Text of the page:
Mysterious 1980s BMW Concept With Lasting Influence

BMW’s ’80s Wind Tunnel Intro

As carmakers strive to enhance the range of EVs with more sophisticated aerodynamics, BMW Head of Design Domagoj Dukec unveiled a “mysterious” concept from 1981 which has had a major impact on the German automaker’s future. The show car, dubbed BMW AVT, was produced to commemorate BMW’s new wind tunnel at the time.

AVT is an acronym for Aerodynamischer Versuchsträger, a German term which translates to ‘aerodynamic test vehicle’. This vehicle was constructed as a ‘PR measure’ to celebrate the opening of a new facility, and so it was not equipped with an interior or powertrain. It was designed solely to demonstrate the aerodynamic capabilities of the facility.

At the forefront, the concept flaunts pop-up headlights for improved aerodynamics. This style of headlight had originally been seen on BMWs most famous model to date – the M1. Unfortunately, these headlights are not highway compliant nowadays which is why automobiles, such as the Mazda MX-5 Miata, have dispensed with them in later models.

We can perceive curved-faced rims, which, as could be estimated, support aerodynamics. The posterior also adds to the car’s aerodynamic ability, containing a Kammback tail shape comparable to the Coda Tronca frequently seen on Alfa Romeo vehicles.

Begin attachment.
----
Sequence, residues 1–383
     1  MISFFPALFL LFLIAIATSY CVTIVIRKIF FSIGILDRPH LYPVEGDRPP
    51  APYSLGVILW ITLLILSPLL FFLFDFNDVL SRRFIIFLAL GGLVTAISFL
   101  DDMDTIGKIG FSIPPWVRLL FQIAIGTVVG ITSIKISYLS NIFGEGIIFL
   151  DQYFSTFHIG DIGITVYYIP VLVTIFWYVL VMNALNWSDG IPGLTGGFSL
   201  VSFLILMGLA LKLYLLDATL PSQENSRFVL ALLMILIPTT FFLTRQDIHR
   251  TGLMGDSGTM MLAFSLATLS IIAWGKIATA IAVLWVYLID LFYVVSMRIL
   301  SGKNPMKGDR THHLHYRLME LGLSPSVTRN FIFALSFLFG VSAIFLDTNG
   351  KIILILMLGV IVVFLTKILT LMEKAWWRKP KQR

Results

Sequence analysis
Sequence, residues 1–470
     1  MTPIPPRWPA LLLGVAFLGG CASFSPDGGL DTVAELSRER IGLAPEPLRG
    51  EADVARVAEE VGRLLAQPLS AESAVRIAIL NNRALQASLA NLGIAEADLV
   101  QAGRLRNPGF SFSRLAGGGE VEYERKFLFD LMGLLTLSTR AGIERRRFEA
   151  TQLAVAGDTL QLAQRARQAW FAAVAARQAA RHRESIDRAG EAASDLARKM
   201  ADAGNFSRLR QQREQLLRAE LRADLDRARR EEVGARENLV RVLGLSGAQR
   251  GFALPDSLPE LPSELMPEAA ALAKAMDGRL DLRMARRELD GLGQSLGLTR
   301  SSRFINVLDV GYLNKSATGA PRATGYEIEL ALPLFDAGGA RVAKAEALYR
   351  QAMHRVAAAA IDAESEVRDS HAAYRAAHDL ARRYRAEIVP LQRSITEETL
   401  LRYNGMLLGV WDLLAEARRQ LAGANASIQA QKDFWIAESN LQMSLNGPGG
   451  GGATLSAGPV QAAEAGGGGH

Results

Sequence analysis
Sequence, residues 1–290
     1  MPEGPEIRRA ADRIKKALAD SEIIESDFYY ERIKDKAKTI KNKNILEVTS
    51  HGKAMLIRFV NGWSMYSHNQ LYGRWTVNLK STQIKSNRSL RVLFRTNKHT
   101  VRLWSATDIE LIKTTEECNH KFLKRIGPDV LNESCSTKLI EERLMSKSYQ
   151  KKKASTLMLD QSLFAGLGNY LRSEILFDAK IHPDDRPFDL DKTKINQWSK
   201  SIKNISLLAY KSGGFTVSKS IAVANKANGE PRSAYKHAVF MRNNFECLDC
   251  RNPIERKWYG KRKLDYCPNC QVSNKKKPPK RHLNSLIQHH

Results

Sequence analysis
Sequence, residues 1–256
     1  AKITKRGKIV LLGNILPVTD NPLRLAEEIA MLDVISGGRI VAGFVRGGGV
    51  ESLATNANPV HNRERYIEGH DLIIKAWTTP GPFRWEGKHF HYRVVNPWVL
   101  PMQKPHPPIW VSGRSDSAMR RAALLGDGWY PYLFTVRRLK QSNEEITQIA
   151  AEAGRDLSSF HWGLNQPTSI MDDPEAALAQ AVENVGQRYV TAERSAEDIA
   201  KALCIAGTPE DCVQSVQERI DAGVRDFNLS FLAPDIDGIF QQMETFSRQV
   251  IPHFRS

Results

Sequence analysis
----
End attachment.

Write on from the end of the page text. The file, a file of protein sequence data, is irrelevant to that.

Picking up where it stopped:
Despite not being put into production, the BMW AVT still bears a striking resemblance to the Volkswagen XL1. It is a rare vehicle, with only 250 units made, and boasts an incredibly low drag coefficient of 0.19 Cd making it particularly aerodynamic Compared to modern-day electric cars such as the Lucid Air and Tesla Model S.

BMW are preparing to make an enormous transition into the world of electrification, birthing the Neue Klasse before 2025. This architecture will sustain some of their existing designs with the first EV-oriented BMW X3 being produced as a result. Aerodynamics will be crucial in designing and developing these vehicles, and the AVT concept is a good illustration of BMW’s plans.

“The BMW AVT was a milestone for the German automaker’s aerodynamics design, despite being unable to be driven on the roads,” according to Dukec in an Instagram post. “It was a special part of BMW’s history of design and technology, even though it was not practical for use.” Ultimately, the prototype showcased the potential of BMW’s aerodynamic capabilities, making it a significant moment in the company’s history.

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